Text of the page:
# Generalizations of the Convex Hull

I am aware of generalizations of the convex kernel, via the addition of more polygonal line segments between points in a set. However, I wonder if there are similar generalizations for the convex hull. If they exist, what papers exist on them, and in essence, what are they?

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Perhaps the best all around source for generalizations of convexity is Marcel van de Vel's book Theory of Convex Structures. He also wrote a lot of papers on this subject.

Two specific generalizations come to mind. The first is a closure system. The structure $\langle X, \mathcal{C} \rangle$ is a closure system if and only if the set $\mathcal{C}$ is a collection of subsets of $X$ that satisfies two conditions:

• We have $X \in \mathcal{C}$.
• For all $\mathcal{A} \subseteq \mathcal{C}$ we have $\cap \mathcal{A} \in \mathcal{C}$.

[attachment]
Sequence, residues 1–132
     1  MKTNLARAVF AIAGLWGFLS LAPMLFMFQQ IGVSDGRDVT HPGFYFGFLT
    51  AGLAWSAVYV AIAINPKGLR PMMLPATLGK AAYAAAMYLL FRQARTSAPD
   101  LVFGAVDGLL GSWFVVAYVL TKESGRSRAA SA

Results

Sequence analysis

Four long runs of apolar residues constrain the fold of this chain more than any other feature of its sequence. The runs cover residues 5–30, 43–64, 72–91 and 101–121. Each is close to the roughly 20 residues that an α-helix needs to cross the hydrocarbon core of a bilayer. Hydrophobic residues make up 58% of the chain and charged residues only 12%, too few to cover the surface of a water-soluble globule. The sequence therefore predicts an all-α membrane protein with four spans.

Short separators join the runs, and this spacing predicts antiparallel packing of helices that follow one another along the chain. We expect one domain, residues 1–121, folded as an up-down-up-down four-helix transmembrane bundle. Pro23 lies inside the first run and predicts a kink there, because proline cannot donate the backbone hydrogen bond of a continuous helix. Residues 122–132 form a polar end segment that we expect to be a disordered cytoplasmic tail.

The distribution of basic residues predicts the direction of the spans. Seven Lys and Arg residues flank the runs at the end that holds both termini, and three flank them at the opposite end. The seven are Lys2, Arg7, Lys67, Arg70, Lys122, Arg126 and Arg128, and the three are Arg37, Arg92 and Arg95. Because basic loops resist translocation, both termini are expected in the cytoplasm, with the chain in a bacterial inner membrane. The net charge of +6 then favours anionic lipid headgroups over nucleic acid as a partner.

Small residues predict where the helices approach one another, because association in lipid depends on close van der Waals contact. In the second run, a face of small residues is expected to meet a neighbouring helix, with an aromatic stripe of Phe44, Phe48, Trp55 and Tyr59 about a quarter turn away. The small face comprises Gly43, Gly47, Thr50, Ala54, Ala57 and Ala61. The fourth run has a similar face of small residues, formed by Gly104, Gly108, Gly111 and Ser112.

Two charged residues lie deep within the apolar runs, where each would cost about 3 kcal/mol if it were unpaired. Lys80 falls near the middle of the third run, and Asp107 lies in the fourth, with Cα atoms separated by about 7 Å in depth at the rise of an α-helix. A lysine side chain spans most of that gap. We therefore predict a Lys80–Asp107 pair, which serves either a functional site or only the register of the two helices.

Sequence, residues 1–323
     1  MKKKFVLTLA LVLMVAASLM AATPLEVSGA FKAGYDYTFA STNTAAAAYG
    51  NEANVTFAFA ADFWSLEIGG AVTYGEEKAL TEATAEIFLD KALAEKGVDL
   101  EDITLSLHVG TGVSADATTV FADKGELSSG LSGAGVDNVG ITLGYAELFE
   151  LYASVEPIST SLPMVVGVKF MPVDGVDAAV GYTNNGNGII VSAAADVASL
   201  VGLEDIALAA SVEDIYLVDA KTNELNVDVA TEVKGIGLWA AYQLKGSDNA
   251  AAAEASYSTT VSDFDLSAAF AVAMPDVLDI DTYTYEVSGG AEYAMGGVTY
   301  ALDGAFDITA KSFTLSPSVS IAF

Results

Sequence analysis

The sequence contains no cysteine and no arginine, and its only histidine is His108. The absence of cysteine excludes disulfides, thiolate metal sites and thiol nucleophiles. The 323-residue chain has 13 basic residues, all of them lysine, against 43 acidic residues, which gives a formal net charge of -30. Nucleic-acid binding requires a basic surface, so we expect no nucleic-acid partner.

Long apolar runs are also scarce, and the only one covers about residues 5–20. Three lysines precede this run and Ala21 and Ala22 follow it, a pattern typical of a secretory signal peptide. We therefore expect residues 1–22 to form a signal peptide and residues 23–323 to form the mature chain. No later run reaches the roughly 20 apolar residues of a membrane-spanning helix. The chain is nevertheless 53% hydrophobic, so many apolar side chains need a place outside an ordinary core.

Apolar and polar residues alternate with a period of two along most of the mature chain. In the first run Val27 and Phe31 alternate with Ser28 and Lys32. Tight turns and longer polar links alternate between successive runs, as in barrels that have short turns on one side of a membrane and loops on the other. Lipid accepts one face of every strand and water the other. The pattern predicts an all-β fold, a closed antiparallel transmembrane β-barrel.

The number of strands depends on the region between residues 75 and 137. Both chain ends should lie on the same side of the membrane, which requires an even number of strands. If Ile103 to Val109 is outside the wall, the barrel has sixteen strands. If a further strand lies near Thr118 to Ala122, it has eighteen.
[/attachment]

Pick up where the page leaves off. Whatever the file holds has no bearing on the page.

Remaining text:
Sometime they require $\varnothing \in \mathcal{C}$.

We can define a closure operator for any subset $A$ of $X$ by the formula $$\mathsf{cl}(A) = \cap \{ C \in \mathcal{C} \colon A \subseteq C \} .$$

A convex structure satisfies an additional condition:

• For all $A \subseteq X$ we have $\mathsf{cl}(A) = \cup \{ \mathsf{cl} F \colon F \text{ is a finite subset of } A \}$.

In this situation the closure operator is often called a convex hull operator.

The trick is to do what is done in vector spaces without any mention of numbers. As an exercise construct the usual topology for ${\mathbb{R}}^{2}$ using just convex sets.

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Describing the topology mentioned in the exercise does not require the use of real numbers. Proving that you get the usual topology will probably require the use of real numbers. –  Jay Feb 5 '12 at 13:02